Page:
The Miami Hurricanes will join the ranks of Ohio State, Penn State, University of Central Florida, and North Carolina as bowl ineligible for the upcoming postseason. The Hurricanes (6-5, 4-3 ACC) in an unprecedented decision opted to forego their second straight postseason play as NCAA investigations are ongoing regarding revelations of a booster alleging to have given extra benefits in the form of cash and gifts to players and recruits.
The university president, Donna Shalala, and the top brass in the athletic department released an official statement this morning confirming the postseason ban.
“Considerable deliberation and discussion based on the status of the NCAA inquiry went into the decision-making process and, while acknowledging the impact that the decision will have on current student-athletes, coaches, alumni and fans, a determination was made that voluntarily withholding the football team from a second postseason was not only a prudent step for the University to take but will also allow for the football program and University to move forward in the most expedited manner possible.
“The University and President Shalala have been clear from the start of the inquiry that Miami will cooperate fully and will seek the truth, no matter where the path might lead and that the institution will be stronger because of it. The University has already taken proactive measures to ensure more strict compliance with NCAA rules and continues to evaluate further steps. “No other self-imposed penalties have been issued at this time and to continue to protect the integrity of the inquiry, the University will have no further comment.”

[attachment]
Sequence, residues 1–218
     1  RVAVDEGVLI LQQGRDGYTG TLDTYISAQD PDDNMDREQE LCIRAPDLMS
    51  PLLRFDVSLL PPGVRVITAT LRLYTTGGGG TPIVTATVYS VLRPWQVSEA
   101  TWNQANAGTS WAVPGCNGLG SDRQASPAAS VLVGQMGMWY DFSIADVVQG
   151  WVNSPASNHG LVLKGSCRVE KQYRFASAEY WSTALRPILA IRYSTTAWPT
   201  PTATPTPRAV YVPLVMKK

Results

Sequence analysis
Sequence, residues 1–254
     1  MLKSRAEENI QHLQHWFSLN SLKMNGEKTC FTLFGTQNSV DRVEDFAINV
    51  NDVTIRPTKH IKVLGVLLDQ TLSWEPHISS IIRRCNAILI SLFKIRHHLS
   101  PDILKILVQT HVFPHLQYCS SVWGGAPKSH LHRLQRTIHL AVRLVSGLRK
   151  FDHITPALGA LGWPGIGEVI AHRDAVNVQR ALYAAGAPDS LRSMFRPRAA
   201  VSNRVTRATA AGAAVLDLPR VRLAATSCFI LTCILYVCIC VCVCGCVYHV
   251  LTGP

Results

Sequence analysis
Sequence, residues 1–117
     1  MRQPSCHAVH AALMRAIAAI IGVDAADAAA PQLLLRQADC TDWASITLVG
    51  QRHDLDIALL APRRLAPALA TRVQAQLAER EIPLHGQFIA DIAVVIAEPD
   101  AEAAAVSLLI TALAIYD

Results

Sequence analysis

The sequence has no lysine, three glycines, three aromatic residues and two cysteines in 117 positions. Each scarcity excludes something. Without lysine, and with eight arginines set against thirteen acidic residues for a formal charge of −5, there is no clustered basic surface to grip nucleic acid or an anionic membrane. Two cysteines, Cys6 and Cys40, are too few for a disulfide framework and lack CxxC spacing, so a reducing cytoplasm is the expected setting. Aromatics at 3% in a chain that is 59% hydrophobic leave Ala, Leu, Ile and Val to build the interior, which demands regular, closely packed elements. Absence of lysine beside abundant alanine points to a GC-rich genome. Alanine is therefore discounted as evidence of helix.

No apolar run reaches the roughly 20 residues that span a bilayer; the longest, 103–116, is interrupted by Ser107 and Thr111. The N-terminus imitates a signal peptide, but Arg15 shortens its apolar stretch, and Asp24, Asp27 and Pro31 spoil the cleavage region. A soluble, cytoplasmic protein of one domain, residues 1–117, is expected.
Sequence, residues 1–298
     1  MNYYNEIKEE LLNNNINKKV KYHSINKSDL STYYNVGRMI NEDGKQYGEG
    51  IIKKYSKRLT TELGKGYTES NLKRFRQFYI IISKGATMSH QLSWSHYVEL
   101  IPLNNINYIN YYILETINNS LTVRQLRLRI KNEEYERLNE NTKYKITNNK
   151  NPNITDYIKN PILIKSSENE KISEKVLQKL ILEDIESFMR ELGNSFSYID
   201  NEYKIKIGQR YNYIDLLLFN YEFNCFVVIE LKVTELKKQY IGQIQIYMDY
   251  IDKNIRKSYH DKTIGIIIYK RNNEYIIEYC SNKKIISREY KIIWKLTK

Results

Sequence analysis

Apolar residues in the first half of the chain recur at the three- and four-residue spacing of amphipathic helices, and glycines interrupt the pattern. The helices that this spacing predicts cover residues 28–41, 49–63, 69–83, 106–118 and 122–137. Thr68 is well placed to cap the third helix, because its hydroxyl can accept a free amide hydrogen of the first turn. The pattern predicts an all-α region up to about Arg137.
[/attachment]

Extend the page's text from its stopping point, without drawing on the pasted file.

This decision will certainly disrupt the ACC’s postseason play as the conference has affiliations with eight different bowl games. With Miami and North Carolina ineligible and Maryland, Boston College and Virginia ineligible for failing to win enough qualifying games, at most seven teams can go bowling. The numbers may be less if Wake Forest (5-6) and Virginia Tech (5-6) fail to win this weekend.
Miami’s move will also impact the ACC financially as the conference pools all bowl revenue and shares among the 12 members. The conference has yet to decide how the money will be distributed with Miami voluntarily imposing a bowl ban.